upon the quality of the data reported to them. The fact
in this case that you've learned was a proven identity thief was
actually hired in a highly sensitive personal data rich information
was a mistake you can never control against.

However, there is a better way to seek a solution to the control
you deserve for your financial safety and well being.

Your best option to avoid this problem is to institute your very
own burgular alarm to warn you when you have fallen victim
to identity theft. By adopting a quality account and credit monitoring
system, you can avoid the severity and lengthy amount of harassment
you will face from debt collectors like this Virginia woman.

5 Comments:

At 11:31 AM, Blogger Nathan said...

Hiring employees has become a sticky situation these days because you have no idea what these people will do with the data that they have. In one of your previous posts you claimed that a gym employee simply took the data from the gym database and used it for fraudulant reasons. So the big question today is Who can you trust in a company that contains customer data?

Background checks only go so far because more and more people are seeing the benefits of stealing data and becoming first time offenders. Company databases are jackpots for data-hungry employees, maybe companies need to be even more selective when hiring employees.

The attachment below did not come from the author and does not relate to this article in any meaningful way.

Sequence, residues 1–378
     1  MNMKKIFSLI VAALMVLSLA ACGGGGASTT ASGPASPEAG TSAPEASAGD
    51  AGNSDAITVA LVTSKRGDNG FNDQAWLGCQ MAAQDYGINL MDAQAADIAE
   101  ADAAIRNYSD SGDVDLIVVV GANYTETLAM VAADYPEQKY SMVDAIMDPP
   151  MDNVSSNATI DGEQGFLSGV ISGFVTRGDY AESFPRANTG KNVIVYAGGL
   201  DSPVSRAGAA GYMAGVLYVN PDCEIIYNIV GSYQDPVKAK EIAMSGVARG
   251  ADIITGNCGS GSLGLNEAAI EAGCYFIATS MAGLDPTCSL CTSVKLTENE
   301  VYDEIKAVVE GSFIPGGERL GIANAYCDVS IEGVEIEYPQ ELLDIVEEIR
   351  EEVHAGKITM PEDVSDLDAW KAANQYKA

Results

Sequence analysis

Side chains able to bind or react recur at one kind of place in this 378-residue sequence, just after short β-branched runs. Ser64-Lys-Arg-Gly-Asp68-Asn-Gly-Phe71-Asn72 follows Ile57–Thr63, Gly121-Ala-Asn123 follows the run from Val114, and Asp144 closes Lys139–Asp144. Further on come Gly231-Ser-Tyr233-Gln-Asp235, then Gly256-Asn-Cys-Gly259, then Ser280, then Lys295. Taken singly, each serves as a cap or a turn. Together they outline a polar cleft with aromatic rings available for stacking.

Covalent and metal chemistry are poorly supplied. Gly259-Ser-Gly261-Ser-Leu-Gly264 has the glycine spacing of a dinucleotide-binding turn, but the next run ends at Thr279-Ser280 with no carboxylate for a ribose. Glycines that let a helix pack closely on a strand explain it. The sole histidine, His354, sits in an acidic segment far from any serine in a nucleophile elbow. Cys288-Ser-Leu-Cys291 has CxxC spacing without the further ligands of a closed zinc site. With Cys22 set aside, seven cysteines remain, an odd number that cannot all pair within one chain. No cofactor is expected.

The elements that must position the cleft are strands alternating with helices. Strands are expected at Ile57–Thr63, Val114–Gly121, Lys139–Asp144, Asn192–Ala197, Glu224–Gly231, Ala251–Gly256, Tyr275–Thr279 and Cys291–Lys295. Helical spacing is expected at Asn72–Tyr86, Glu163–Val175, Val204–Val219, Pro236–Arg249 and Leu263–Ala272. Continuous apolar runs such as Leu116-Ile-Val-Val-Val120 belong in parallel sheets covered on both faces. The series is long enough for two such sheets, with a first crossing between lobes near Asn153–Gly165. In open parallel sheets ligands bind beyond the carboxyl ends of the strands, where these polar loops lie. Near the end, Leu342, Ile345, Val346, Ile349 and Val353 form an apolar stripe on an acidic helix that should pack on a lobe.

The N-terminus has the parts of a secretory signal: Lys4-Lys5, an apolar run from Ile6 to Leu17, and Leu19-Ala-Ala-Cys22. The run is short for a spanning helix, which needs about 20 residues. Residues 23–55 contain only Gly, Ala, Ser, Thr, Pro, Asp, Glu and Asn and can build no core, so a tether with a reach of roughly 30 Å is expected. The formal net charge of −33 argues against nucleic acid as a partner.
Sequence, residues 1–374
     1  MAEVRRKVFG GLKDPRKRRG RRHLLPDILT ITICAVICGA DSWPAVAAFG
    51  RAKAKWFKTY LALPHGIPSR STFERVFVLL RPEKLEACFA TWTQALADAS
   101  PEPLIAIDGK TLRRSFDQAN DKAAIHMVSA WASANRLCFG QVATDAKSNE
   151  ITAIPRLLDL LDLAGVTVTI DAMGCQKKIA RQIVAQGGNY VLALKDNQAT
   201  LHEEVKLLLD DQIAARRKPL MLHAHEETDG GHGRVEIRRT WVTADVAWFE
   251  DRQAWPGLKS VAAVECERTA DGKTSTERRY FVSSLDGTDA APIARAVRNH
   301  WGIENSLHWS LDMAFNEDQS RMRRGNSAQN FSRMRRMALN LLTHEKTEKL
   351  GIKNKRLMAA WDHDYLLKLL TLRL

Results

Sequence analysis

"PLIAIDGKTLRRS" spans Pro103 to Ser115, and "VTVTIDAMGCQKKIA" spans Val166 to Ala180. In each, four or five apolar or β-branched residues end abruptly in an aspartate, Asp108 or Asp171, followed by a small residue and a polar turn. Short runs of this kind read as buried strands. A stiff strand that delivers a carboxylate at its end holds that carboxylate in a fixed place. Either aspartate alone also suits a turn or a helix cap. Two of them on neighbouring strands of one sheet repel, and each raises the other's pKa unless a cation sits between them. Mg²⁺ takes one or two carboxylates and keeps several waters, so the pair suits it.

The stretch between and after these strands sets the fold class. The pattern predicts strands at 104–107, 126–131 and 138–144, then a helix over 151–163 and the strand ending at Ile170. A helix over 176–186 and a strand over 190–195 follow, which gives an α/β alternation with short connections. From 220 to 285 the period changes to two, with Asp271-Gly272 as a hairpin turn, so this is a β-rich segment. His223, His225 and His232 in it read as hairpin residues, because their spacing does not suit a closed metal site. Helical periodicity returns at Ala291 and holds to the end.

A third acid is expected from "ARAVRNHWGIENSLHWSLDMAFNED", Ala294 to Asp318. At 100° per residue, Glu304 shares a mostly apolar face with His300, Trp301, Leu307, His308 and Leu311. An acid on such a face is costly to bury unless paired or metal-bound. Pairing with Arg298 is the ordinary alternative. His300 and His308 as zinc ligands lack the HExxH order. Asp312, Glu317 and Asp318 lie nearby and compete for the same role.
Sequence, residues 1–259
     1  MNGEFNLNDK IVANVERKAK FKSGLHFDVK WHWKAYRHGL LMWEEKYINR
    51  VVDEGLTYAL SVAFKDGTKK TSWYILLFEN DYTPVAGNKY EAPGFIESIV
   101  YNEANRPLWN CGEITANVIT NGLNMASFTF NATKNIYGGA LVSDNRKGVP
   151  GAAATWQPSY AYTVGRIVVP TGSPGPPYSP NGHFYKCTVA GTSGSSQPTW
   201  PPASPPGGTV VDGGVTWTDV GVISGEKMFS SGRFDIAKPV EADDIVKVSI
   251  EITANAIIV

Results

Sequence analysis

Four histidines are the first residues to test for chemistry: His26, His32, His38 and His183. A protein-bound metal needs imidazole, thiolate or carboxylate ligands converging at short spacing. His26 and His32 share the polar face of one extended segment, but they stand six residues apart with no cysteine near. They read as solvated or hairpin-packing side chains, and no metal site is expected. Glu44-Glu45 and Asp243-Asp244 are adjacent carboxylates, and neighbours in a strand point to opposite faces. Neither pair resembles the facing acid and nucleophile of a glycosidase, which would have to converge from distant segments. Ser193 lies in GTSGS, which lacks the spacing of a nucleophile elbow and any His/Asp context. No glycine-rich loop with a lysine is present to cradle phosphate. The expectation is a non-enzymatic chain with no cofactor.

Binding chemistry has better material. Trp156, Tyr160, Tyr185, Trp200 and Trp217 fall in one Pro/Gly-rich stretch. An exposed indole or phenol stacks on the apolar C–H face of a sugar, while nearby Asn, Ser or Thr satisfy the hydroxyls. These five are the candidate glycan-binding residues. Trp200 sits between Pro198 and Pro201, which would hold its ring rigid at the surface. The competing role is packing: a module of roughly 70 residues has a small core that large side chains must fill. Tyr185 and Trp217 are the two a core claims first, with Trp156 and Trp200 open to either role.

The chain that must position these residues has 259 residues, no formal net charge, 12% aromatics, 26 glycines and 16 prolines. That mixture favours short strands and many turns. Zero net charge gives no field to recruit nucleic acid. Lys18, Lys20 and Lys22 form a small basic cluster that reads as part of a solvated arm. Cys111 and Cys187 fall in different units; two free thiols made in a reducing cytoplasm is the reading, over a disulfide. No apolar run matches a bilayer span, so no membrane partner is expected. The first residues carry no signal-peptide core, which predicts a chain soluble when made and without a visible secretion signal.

At 8:01 PM, Blogger agent99 said...

Nathan, to answer your question bluntly of "who can you trust?", the answer is employer's simply have too much liability to not trust anyone.

As a result, several layers of protection are required just to protect the firm from the small minority of dishonest employees and/or security lapses.

With federal laws already such as FACTA, GLB, & Sarbanes - Oxley it is no longer an option to decide whether or not to protect consumer data. The only question which may be subject to some degree of debate is to what degree of data security is "reasonable".

Companies large and small merely exist to render a profit or better still to increase shareholder equity. By enforcing tough data security practices, we submit that shareholder equity will be protected against class action lawsuits or merely sudden market share losses due to negative publicity as a result of sloppy handling of consumer data.